03 12
"I am a black woman. I grew up in Shaker Heights, Ohio. I cannot go back and change years of believing that I could never be quite as pretty or inteligent as many of my white friends—but I can go forward learning pride in who I am… I cannot go back and change years of believing that the most wonderful thing in the world would be to be Martin Luther King, Jr.’s wife—but I can go on and find the strength I need to be the revolutionary for myself rather than the companion and help for someone else. So no, I don’t believe that we change what has already been done but we can change the future and so I am reclaiming and learning more of who I am so that I can be whole."
- A student in a course on Black Women Writers, an excerpt from “Eros, Eroticism, and the Pedagogical Process” in bell hook’s book Teaching to Transgress: Education as the Practice of Freedom
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09 11


African American Lesbians and Bisexual Women

excerpted from:  Internalized Racism among African Americans: the Connections and Considerations for African American Lesbians and Bisexual Women: a Clinical Psychological Perspective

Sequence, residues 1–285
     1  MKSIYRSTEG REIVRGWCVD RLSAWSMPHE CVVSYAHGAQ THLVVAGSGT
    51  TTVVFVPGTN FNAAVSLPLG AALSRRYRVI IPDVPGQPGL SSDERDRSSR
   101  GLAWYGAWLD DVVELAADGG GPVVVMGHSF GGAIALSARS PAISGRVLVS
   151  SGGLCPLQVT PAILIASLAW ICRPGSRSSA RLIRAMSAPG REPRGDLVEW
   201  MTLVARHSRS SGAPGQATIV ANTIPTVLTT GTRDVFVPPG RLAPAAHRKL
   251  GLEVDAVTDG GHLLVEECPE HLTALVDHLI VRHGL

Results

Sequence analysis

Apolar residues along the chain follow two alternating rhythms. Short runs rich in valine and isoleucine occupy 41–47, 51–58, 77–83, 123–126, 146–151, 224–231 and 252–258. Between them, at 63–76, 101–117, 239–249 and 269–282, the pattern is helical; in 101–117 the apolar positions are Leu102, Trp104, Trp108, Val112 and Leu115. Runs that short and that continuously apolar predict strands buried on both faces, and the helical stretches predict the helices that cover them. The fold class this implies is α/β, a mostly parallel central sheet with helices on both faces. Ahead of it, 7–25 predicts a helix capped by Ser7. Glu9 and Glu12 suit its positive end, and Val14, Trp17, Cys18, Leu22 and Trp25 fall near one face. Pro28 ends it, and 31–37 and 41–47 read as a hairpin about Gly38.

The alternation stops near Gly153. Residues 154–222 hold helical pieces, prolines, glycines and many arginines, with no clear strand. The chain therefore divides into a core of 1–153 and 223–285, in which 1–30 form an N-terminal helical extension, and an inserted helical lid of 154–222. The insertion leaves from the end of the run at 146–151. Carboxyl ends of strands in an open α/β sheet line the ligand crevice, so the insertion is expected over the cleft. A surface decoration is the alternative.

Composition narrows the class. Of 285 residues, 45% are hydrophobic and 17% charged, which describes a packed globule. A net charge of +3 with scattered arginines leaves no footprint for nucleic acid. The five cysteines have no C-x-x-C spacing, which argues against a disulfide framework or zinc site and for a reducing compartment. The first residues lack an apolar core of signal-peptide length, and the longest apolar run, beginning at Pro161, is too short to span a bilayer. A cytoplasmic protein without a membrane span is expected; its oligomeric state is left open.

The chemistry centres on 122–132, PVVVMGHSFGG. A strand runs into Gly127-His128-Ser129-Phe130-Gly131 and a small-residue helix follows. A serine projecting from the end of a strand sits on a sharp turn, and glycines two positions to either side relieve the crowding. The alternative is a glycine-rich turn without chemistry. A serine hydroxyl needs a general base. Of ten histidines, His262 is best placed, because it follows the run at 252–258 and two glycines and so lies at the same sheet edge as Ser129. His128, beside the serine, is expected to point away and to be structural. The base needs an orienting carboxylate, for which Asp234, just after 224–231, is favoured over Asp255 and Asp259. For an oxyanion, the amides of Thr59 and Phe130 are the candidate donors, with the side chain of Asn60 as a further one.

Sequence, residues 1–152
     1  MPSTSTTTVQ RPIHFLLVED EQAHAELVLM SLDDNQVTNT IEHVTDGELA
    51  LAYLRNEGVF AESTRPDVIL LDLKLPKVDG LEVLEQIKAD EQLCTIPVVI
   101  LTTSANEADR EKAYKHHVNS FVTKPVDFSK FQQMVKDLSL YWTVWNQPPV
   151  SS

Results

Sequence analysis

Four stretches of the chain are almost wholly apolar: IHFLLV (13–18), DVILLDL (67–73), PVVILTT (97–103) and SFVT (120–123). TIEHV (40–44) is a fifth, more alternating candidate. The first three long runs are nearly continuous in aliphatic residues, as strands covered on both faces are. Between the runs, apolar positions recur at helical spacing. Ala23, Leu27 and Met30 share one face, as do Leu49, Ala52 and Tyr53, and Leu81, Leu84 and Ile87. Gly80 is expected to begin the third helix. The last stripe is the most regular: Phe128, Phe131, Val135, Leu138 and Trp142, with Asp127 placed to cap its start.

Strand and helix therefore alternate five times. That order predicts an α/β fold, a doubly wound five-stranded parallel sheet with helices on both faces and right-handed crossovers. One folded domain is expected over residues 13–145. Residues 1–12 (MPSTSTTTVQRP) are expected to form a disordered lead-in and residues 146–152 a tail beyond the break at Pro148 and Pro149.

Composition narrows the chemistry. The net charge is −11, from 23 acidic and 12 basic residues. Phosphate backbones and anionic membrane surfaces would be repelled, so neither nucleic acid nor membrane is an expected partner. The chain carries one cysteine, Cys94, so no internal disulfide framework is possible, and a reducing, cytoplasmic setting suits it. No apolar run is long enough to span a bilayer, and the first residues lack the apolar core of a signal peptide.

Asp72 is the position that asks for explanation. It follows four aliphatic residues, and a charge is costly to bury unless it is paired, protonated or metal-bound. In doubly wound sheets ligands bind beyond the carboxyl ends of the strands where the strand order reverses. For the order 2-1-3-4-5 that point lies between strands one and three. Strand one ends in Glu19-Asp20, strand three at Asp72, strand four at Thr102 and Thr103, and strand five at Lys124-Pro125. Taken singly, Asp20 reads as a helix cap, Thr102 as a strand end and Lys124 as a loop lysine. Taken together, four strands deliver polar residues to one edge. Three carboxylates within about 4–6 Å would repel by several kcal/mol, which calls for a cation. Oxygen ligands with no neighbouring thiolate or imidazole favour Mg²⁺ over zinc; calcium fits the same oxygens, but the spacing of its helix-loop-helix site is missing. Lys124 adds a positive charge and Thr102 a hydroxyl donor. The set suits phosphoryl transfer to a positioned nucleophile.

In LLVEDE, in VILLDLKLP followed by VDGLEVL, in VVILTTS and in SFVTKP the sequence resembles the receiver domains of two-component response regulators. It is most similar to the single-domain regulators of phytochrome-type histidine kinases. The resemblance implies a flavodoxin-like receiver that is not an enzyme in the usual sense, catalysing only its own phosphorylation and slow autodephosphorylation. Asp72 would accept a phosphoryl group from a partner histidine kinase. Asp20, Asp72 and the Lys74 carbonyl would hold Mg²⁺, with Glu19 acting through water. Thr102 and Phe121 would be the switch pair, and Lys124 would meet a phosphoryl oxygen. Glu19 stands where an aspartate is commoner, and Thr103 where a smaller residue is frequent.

Jewelle Gomez observes that “[p]assing is an obscene form of salvation. Just as a black woman passing for white is required to deny everything about her past, a black lesbian who passes for heterosexual is required to deny everything about her present.” Gomez’s writings provide us with eloquent analyses of the silence about African American lesbian and bisexual women in African American communities and the silencing of African American lesbian and bisexual women themselves. It is appropriate to define this group. African American lesbian and bisexual women are a large and diverse group represented in every age group, socioeconomic class, educational level, physical ability, and geographical region. Their diversity must be considered in understanding their individual identities and the wide range of those identities. Because African American lesbian and bisexual women have multiple identities, we cannot make arbitrary assumptions about which of those identities is most salient to a given individual. Moreover, we cannot even assume that one identity is ever more important than the others. Furthermore, identities shift in salience depending on the social context a woman is in at any given time and during different developmental periods of her life.